Tips to Make Your Content Go Viral
Making silly videos go viral isn’t just for social media—it can change industries.
If you have ever used the Internet before, you have no doubt heard the phrase ‘go viral.’ It sounds like a sickness, but it’s a very positive thing as far as online content is concerned. For those who aren’t familiar with the Internet vernacular, to “go viral” is to capture the attention of a seemingly unprecedented amount of people who will spread your content far beyond that of most content out there.
Content that goes viral spreads in a short amount of time and brings a lot of attention, at times being almost newsworthy in that if something gets enough attention, local news outlets (as well as online ones) will mention it, further fueling the content’s virality. However, the real question is “how does something go viral anyway?”
While this can be a complex query to answer, some basic guidelines to remember are knowing your audience, the timing of the content’s release, and how the content is expected to make people feel. Here are some metrics by which to measure to see how likely your content is to go viral:
If you want something to go viral, it should be developed with an audience in mind that is likely to appreciate and share it vigorously. Regarding social media and word-of-mouth sharing power, Millennials are hands-down your best bet because in general, Millennials are the most tech-savvy and love to incorporate technology such as the Internet into their daily lives. Now that they are also becoming the majority of the mainstream workforce and have the strongest buying power, Millennials should be your target audience for current and future content in general.
What you create is just as, if not more, important than whom you intend it for. Traditionally, video or imagery content has the easiest time going viral because of its ease of access, shareability, and ability to delight more than one sense at a time. However, it is possible to have a blog, music, or similar content go viral—it just has to be much more impactful. Above all else, your content should do one of the following: entertain, reveal a truth, teach knowledge, or tug a heart string.
When you release content can sometimes have more bearing on whether it will go viral or not than the content itself. If your content discusses something that is currently happening in the world, it is likely to have much more impact on people since the subject your content focuses on is already known or fresh in their minds. For example, if your content talks about the weird habits of a famous CEO who was just recently in the news doing or saying something strange, your content would be very timely and would likely garner much more attention than it would have otherwise.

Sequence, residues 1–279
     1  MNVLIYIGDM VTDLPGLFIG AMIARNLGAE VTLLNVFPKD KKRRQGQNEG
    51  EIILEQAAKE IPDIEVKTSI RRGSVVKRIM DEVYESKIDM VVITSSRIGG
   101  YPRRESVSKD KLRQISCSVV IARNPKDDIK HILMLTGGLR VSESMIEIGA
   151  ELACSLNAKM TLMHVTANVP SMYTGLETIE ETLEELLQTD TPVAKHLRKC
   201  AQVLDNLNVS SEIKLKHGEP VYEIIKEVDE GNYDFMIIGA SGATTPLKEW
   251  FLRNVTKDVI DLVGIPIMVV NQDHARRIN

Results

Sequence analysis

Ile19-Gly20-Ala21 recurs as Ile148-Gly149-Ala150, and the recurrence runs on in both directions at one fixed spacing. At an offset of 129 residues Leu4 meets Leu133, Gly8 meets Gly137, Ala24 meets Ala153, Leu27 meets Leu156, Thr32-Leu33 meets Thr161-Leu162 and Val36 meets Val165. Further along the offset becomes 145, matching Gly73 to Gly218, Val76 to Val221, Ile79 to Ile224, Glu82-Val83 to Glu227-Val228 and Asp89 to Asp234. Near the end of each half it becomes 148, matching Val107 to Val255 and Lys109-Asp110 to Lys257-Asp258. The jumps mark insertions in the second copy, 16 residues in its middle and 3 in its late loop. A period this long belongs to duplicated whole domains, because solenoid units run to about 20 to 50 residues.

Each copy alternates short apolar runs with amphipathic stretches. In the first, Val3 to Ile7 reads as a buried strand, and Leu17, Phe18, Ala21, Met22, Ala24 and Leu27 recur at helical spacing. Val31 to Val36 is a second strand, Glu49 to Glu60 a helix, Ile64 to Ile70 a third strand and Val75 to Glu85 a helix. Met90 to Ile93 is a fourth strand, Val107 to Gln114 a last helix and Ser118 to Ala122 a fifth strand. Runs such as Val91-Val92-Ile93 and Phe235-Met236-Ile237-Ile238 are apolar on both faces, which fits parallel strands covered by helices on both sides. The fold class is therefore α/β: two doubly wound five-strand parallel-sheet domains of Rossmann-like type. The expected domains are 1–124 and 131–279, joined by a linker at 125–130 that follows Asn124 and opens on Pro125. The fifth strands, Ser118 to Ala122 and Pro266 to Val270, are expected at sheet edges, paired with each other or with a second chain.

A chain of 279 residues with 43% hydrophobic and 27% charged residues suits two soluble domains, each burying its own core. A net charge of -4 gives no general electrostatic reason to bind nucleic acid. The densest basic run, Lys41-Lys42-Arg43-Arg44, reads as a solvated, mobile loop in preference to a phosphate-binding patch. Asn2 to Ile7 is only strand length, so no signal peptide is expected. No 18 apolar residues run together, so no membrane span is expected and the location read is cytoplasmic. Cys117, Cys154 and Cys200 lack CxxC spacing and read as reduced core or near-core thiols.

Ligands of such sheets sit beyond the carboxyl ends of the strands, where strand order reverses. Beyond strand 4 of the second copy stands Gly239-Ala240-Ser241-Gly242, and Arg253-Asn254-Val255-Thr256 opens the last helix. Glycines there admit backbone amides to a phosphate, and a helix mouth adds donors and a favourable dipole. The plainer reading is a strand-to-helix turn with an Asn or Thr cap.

More than just making good quality content is how it will make people feel once they’ve experienced it. People are much more likely to share something that struck an emotional chord with them, no matter what that chord is. If your content is silly, it better make people laugh. If your content is heart-breaking, then it better make people cry. If your content is shocking, it better make people upset. You’re content will not go viral if it is boring. Part of what makes us human is our emotions, so people crave to exercise the heart’s feelings as well as their minds. Additionally, people like to be able to share their similar experiences afterward, which further fuels the desire to share it again with someone new.
If you were to see something new that made you laugh, cry, think, or feel disgusted, you’re more likely to share it than something you’ve experience already. Part of the excitement of sharing viral content is to experience it in a new way through someone seeing it for the first time. In a way, this is why “reaction to [blank]” videos always do so well because people are curious to how someone’s new reaction to something will validate their initial reaction.
Length of Time
More often than not, content that is most likely to go viral is not terribly long because it allows people to make true and authentic reactions quickly rather than have their feelings wane over time if the content is too long in length. Viral content is most often for quick consumption so that it can be passed on and shared with others in a short amount of time.
All the above categories are combined to determine the sharing power of content, or the impact it can have once it is passed on to others. What kind of reach can something achieve once it gains high momentum and a significant amount of shares on social media, the Internet at large, and other media?